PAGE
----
I had a formative experience playing Little League baseball that taught me lessons about life that I’ve used as a programmer and entrepreneur. Little League is a suburban American tradition where little kids get together on Saturdays and play baseball. Parents come to watch them play and cheer for their kids’ teams.

I played in my town’s Little League from the first day I was eligible until the last day I was eligible, but it wasn’t because I was great at baseball. I was actually horrible at baseball. I could barely catch the ball, I definitely couldn’t throw it, and sometimes while swinging the bat, I would accidentally let go and it would hit people.

Overall, it was a really horrible experience and I hated it. I wasn’t motivated to even try, because I was so bad. I really wanted to quit. But my parents wouldn’t let me quit. “We aren’t raising a quitter for a son,” they said. Instead, they gave me something to aim for: if I hit a home run, they would give me $100.

I got it in my head that I wanted this $100 more than anything. Things started to change. I would go to baseball games and actually try to hit the ball. Don’t get me wrong, I didn’t get better over night, but I managed to slowly improve.

Near the end of my Little League career, I still hadn’t hit the home run and I only had a few chances left. This has to be it, I thought. I get up to bat. The pitcher throws the ball. I close my eyes and swing the bat as hard as I possibly can.

Crack. I make contact and the ball goes flying. I look up and the ball is sailing towards that fence. Closer and closer every second, I can feel that it’s going to go over.

But it doesn’t. It falls just short of the fence. No home run once again.

I look up and at this moment realize that the entire time this was happening, I never started running. All these people, my parents, my coach, my teamates, are behind me screaming at the top of their lungs, wanting me to run. Go! Go! Go! I start running.

Needless to say, I was out before I even hit first base. And I never got the $100, but the experience informed my principle philosophy.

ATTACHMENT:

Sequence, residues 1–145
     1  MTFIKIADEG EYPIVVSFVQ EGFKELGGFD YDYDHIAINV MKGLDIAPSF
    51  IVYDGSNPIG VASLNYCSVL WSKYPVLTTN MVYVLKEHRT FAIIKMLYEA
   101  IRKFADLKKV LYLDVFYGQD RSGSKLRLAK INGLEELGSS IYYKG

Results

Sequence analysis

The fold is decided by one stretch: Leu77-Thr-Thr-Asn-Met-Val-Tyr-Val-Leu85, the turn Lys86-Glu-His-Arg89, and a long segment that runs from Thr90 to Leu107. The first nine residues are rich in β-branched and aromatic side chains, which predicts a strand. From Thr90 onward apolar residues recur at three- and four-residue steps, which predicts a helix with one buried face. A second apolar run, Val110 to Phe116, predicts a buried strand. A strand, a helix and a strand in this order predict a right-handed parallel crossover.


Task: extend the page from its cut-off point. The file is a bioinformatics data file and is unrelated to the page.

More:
Among the lessons:

  • Swing for the fences, always. I think having a broad vision is super important for equipping yourself for major success down the road. Developers have this tendency to stick with what they know. A big goal forces us to reframe our thinking.
  • Set reasonable goals, too. I didn’t really do this consciously with baseball, but it came naturally. Before I could hit a home run I needed to hit singles, or just make contact with the ball. My open source work, such as the Breakfast Serial helps me set incremental goals toward making it the best Python library for Arduino.
  • You suck… and that’s totally fine. It’s totally fine to be bad at things. You can’t be good at everything and being bad can help you gain a new perspective. For example, I started Hacker League even though I’d never won a hackathon. I focused on things more important than sponsorship and who won because I learned their value first hand, and we ended up better off for it.

I’m still not a great baseball player. I’m not even a great programmer, but I’m getting better by following the lessons above. These days, when I hit the proverbial ball, you’d better believe I’m running as fast as I can.

You can see a video of a talk about my principle philosophy, from which this story was taken, embedded below:

Swift is a developer evangelist at SendGrid who is based out of NYC. He is one of the founders of Hacker League and tweets as @SwiftAlphaOne. Follow him there and check him out at http://theycallmeswift.com.